My understanding is that a book publisher typically publishes the work of an author, and takes responsibility for the printing and distribution of the book, and take some kind of percentage of the sales of the book.

Are board games published in a similar manner, or do board game publishers design games 'in house' and pay designers a fixed salary?

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    The answer is going to depend on the game publisher and the game itself as publishers can have both models for different games (or even game expansions)
    – Joe W
    Commented Apr 22, 2016 at 4:31
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    @JoeW Yes - I'm looking for an overview of how the industry as a whole works. Examples from some of the larger companies would work.
    – dwjohnston
    Commented Apr 22, 2016 at 4:50
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    That would make for a very broad question as each company will have several different methods for how they develop games and not one set method. If you start looking you will find that both methods are used a lot as that helps lower overall costs for the companies.
    – Joe W
    Commented Apr 22, 2016 at 11:37
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    Both. I work for a publisher that publishes third-party designs. The big dogs (FFG, Hasbro, etc) all have designers on staff. Commented Apr 26, 2016 at 20:05
  • @TheChaz2.0 Sounds like you could write an answer? Even if you don't elaborate a whole lot, knowing that there are all kinds of publishers seems like it addresses the question pretty well.
    – Cascabel
    Commented Apr 26, 2016 at 20:23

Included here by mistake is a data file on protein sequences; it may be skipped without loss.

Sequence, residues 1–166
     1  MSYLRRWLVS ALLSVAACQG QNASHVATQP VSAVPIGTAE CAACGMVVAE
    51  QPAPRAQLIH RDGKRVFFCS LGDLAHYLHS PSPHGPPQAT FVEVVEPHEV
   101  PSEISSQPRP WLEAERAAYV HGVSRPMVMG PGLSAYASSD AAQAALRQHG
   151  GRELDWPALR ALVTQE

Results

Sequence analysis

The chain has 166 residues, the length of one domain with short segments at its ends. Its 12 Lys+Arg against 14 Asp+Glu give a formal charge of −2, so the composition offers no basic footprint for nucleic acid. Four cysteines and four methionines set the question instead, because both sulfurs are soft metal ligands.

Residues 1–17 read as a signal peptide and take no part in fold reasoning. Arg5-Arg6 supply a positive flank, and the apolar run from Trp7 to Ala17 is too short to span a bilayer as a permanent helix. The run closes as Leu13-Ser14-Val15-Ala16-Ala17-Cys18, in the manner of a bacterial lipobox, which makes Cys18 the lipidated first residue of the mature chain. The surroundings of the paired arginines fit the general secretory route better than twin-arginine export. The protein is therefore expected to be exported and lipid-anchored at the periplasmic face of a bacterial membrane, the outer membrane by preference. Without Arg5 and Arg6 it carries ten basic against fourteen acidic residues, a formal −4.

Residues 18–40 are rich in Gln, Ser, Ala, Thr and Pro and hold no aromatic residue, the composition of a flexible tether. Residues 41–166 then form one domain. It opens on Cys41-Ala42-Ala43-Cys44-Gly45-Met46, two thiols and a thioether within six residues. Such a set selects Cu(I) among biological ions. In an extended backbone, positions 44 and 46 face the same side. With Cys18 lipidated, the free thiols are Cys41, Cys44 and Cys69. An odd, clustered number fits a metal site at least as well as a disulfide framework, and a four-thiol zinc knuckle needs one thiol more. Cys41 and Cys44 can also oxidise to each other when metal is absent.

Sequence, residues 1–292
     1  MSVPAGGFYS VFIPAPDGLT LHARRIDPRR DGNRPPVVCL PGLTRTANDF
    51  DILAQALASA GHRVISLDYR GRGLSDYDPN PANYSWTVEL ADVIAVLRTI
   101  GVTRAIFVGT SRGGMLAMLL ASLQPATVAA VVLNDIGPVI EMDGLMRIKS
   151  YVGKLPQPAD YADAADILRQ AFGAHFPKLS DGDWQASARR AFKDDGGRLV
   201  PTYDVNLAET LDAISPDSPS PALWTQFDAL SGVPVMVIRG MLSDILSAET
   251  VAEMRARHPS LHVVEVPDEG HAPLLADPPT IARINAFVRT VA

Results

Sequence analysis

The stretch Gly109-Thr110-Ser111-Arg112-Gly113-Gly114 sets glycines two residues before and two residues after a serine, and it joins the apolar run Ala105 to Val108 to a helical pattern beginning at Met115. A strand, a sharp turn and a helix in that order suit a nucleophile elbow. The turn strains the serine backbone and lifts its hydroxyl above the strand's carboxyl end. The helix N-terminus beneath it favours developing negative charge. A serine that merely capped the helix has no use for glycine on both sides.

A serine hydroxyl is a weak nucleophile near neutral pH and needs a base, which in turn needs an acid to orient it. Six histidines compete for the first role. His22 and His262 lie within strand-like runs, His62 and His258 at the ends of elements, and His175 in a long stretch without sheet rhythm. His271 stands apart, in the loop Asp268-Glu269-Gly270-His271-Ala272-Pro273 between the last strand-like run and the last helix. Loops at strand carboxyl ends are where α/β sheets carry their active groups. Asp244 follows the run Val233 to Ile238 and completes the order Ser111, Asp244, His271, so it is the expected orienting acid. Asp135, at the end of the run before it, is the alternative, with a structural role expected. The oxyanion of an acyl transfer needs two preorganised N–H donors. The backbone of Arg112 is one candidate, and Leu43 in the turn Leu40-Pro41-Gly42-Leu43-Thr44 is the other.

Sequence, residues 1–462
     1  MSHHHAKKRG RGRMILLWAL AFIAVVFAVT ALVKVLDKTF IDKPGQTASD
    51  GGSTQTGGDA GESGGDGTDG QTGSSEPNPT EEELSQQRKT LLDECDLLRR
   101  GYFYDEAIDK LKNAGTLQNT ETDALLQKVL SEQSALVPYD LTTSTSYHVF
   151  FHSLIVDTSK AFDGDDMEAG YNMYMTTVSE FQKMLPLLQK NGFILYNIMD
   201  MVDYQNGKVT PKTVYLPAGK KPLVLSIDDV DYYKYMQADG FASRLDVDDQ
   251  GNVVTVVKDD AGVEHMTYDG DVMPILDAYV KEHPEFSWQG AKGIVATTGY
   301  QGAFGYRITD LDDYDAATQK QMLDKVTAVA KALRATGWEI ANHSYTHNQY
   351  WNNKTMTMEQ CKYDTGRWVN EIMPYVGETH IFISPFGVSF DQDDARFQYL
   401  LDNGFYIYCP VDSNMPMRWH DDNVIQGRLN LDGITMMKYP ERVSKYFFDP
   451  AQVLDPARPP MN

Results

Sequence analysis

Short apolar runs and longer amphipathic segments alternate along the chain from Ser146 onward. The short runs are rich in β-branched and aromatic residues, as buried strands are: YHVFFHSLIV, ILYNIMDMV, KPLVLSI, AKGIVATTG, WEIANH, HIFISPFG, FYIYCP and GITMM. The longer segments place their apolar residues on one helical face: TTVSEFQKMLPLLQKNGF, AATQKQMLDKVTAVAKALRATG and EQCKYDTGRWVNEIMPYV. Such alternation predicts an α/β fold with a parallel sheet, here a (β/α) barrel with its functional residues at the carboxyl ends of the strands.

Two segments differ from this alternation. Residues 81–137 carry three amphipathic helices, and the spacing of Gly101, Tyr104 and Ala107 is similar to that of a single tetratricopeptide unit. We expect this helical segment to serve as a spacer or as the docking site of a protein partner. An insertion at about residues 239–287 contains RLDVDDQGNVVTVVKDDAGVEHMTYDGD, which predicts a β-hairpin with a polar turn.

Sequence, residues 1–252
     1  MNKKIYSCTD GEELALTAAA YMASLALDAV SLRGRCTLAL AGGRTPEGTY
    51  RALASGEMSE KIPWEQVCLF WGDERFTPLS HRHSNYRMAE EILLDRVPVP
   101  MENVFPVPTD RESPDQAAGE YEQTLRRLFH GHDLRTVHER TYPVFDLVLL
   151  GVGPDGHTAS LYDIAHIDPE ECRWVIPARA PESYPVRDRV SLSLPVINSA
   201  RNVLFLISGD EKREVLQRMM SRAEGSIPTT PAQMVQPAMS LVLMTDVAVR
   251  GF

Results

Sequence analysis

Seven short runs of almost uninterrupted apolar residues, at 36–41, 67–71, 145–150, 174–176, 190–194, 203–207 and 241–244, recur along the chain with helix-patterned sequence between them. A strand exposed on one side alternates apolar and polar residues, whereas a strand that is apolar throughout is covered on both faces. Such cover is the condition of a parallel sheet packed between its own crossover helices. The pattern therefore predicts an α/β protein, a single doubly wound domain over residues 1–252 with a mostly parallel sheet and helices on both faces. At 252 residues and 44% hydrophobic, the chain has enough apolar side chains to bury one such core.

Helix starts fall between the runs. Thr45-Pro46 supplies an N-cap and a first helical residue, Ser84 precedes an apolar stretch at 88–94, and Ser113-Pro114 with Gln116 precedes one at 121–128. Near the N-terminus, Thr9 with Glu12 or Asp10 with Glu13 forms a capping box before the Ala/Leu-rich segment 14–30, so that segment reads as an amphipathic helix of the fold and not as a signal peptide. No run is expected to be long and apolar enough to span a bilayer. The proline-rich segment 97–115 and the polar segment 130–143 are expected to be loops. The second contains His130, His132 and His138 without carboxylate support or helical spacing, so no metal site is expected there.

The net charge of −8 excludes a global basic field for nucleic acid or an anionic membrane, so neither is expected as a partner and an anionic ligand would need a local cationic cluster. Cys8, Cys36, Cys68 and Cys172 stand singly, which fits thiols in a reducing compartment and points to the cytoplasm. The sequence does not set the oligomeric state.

2 Answers 2


There's publishers who only have in-house staff, there's ones who farm projects out to freelancers, and there's ones who buy games off designers.

Some companies only use one of these models. Some companies use two or all three of these models.


  • Buying Games from Designers: Richard Garfield went to Wizards of the Coast to try and sell them a complete game he'd made called Robo Rally.
  • Freelancing: Wizards of the Coast said they were looking for a card game people could play between events at conventions, and if he could come up with one they liked they would buy Robo Rally as well. He came up with Magic: The Gathering.
  • In-house staff: Richard Garfield was eventually hired by Wizards of the Coast and later came up with Netrunner while employed by them.

So there's one person, who has designed games published by one company, under all three models.

  • I'm sorry... what?? MTG was designed to be a "filler" game to be played between events at conventions? You're blowing my mind here dude. So what was WotC doing before Magic? I was expecting that to be the story of King of Tokyo no Magic.
    – Wolfkin
    Commented Apr 30, 2016 at 19:59
  • Roleplaying games. The two biggest ones being The Primal Order and the third edition of Talislanta.
    – Bez Bezson
    Commented May 3, 2016 at 11:18

You might get better answers from Tom Vasel of Dice Tower fame. He does weekly live Q&As on his youtube channel. I even feel certain he's talked about it on Board Game Breakfast at one point. You might be able to go through the titles and find one that looks like it might be related.

The long and the short of it was that different publishers do different system. There are some designers who are basically linked to a specific publisher. Other designers are more free to design for whomever they're up to design for. There are presumably pros and cons to each system. All of the examples in my head are mixed up. I wanted to say Eric Lang was a one publisher guy but I'm not certain that's true. And honestly I can't remember the names of a lot of the European guys whose situations I do remember better.

  • I think pointing to other resources is a pretty good answer. Does Tom Vassal use boardgames.se?
    – dwjohnston
    Commented Apr 25, 2016 at 8:24
  • I doubt it. Tom is the creator and director of Dice Tower which is has a fairly big and substantial presence in the board game world. Even more so in the anglophone board game world. As far as I know he only speaks English (possibly Korean as i believe he taught English in Korea for a while). The Dice Tower includes a YouTube channel, multiple podcasts, it's own convention and now a cruise. They're heavily involved in the industry and as a result Tom is an incredibly busy guy. However he does answer email tom [at] dicetower [dot] com i think is his email.
    – Wolfkin
    Commented Apr 25, 2016 at 15:18

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